The Future of Post-pandemic Broadway

By Linnette Cruz, 11th Grade

It is no surprise that the COVID-19 crisis has affected every aspect of our everyday life ever since the World Health Organization (WHO) declared the virus a global pandemic in March 2020. The rampant virus has managed to transform the way we work, shop, and live in our current society–and the global theater industry has been no exception. Due to various new outbreaks and the development of rising levels of coronavirus strains (including variants such as Delta and our most recent cause for concern–Omicron),  performing arts theaters far and wide have had to close their doors once more after coming back from its longest shutdown. 

However, the COVID-19 pandemic is not the first time that professional theater has had to take a hiatus from showing many fan-favorite productions. During the years 1960, 1964, and 1968, Broadway had to shut down due to crucial labor movements, including theater unions such as the  American Federation of Musicians banding together in order to protest against their low wages. However, Broadway doors were only closed for only days and sometimes weeks unlike our current situation. Broadway productions also closed after the attacks on the World Trade Center in 2001. Other times Broadway has had to shut down was for natural disasters and blackouts (Dilella, 2021). 

Not only do they provide entertainment for native New Yorkers and tourists alike, according to the Broadway League,  but this world-renowned industry also contributed approximately “$14.7 billion to New York City’s economy and supported 96,900 jobs during the 2018 season.”Additionally, Broadway also served as an open coronavirus vaccination site for those who work in these productions (Sabri Ben-Achour and Rose Conlon, 2021). 

Fan-favorite Broadway actors from hit shows such as “Hamilton”, “Aladdin”, and “Hadestown” have also found themselves affected by the pandemic as many have lost jobs and been informed that their shows may not be coming back after restrictions are lifted. For example, actress Laura Leigh Turner only got to play her role of Karen Smith for only two days before Broadway shut down for an extended period of time (Benbrook, 2021). Not only have they been put off of jobs, but many actors have also settled down to start their families or even left their roles altogether. The only thing that Broadway performers can do now is sit back and pray that the number of new cases per day goes down just enough for Governor Kathy Hochul to decide when to lift COVID restrictions. As of January 12, the Worldometer reports a daily average of 761,122 cases a day, with an average of 40,116 cases belonging to the city of New York.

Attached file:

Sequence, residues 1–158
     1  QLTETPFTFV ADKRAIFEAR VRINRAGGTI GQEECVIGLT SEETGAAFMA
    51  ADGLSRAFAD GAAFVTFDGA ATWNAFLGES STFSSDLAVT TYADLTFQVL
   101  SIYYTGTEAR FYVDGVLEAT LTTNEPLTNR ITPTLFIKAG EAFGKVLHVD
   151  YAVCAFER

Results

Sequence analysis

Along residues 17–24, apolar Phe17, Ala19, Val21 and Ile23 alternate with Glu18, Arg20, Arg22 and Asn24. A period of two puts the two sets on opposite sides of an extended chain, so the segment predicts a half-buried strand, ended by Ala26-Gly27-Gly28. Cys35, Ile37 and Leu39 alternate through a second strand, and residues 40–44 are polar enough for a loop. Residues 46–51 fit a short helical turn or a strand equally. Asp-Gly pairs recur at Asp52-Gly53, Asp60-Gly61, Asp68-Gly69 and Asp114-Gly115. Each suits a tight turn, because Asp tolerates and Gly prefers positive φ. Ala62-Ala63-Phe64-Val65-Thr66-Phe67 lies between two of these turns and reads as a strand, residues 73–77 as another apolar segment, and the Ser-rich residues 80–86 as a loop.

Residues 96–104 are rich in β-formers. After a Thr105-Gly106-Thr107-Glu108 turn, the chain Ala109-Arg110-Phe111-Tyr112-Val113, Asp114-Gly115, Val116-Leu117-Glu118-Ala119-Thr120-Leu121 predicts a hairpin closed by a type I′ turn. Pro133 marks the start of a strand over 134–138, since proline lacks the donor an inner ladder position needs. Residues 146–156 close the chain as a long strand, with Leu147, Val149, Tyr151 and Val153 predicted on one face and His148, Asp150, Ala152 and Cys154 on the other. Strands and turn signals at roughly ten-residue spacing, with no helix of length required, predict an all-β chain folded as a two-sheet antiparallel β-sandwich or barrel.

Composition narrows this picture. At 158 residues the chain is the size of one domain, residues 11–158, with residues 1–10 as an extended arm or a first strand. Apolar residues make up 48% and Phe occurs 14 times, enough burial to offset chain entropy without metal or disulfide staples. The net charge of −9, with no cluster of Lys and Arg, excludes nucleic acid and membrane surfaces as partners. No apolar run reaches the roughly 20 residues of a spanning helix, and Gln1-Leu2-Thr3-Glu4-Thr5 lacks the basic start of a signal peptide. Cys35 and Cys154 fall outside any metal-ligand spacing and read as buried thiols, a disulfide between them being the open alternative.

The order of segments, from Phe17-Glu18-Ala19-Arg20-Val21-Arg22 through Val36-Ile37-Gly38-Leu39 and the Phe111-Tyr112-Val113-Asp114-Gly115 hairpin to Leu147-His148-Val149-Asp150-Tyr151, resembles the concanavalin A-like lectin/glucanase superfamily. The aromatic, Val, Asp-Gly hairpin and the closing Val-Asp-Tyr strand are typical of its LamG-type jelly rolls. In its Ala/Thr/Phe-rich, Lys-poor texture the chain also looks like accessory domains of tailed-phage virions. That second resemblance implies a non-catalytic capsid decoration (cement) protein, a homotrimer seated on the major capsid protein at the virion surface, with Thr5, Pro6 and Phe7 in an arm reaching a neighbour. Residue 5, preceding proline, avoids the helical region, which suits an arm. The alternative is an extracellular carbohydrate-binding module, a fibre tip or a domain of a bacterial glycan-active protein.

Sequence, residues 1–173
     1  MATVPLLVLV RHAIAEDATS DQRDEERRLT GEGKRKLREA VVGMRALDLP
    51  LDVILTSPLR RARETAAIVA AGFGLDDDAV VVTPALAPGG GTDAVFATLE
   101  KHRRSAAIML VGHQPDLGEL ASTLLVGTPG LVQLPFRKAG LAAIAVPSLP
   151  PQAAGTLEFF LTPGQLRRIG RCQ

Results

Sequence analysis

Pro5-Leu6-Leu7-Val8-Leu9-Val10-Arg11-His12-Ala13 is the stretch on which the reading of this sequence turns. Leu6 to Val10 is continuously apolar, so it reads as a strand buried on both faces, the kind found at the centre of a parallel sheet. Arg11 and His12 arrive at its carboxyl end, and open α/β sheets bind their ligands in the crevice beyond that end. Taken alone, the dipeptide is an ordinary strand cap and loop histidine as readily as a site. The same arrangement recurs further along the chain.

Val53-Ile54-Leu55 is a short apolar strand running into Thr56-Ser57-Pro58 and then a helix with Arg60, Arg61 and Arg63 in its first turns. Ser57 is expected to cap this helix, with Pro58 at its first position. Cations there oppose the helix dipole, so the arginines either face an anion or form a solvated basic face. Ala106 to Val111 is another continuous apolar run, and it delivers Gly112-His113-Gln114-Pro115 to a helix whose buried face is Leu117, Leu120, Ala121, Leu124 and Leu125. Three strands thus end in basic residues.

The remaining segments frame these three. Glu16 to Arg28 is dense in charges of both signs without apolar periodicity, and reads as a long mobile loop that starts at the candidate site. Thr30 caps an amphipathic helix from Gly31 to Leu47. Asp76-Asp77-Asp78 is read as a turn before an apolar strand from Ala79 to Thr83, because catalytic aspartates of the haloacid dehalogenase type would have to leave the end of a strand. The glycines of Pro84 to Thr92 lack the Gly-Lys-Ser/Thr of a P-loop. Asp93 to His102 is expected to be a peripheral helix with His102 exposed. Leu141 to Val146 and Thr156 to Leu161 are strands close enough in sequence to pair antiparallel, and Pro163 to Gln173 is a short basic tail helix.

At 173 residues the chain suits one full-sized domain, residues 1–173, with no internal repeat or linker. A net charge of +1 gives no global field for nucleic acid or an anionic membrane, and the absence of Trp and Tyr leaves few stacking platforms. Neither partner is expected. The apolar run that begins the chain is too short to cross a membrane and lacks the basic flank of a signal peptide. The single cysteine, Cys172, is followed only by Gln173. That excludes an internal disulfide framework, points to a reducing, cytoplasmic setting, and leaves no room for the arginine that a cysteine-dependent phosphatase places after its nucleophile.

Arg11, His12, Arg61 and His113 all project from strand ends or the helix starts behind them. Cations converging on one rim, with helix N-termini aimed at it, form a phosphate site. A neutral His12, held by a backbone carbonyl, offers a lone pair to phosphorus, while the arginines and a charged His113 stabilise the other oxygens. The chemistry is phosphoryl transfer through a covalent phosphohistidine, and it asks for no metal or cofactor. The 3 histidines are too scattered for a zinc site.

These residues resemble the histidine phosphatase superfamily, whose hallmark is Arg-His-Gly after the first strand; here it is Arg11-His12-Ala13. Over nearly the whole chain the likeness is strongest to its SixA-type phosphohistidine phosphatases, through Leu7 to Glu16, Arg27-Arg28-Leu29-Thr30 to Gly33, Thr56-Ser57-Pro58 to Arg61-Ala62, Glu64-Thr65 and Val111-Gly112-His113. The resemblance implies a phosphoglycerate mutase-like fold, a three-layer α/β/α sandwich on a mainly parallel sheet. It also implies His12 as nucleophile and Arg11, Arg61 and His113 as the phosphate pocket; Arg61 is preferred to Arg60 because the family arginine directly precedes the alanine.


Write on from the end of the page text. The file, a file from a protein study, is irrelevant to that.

When Former New York State Governor Andrew Cuomo decided that Broadway could reopen its doors on September 14, 2021, organizations that own Broadway theaters took it upon themselves to follow public health guidelines and protocols established by the WHO. Some guidelines include required vaccination cards for audience members and staff as well as hand sanitizer dispensers present in each establishment. 

Nowadays, one can’t help but wonder what the future holds for Broadway productions when the tumultuous pandemic comes to a long-awaited end. At the height of the pandemic, the idea of filmed versions of Broadway shows available for consumption on streaming services came to light. This all started when the hit Tony Award-winning musical Hamilton–a play literally about America’s face of the ten-dollar bill and Founding Father Alexander Hamilton–was set to be released in theaters in October 2021, but because of the pandemic, Disney made the decision to stream it on their streaming platform Disney+. The film stars all of the original actors from when Hamilton first debuted on Broadway in August 2015, including luminary writer, composer, and actor Lin Manuel Miranda. Streaming platforms were at their all-time use during the pandemic for obvious reasons, and it’s no surprise that Hamilton became so popular, with tickets now selling for $500-$1000 despite the fact that the show has been around for almost 7 years. Another example of a Broadway production turned blockbuster is “In the Heights”. This alone has many questioning whether the live tickets are truly worth its cost when one can simply watch the show from the comfort of your own home as many times as you want for a $7.99 monthly subscription.  Nevertheless, as the world moves on from COVID-19 in spite of high infection rates, theaters continue to seem stuck in time and its fate remains unknown. 


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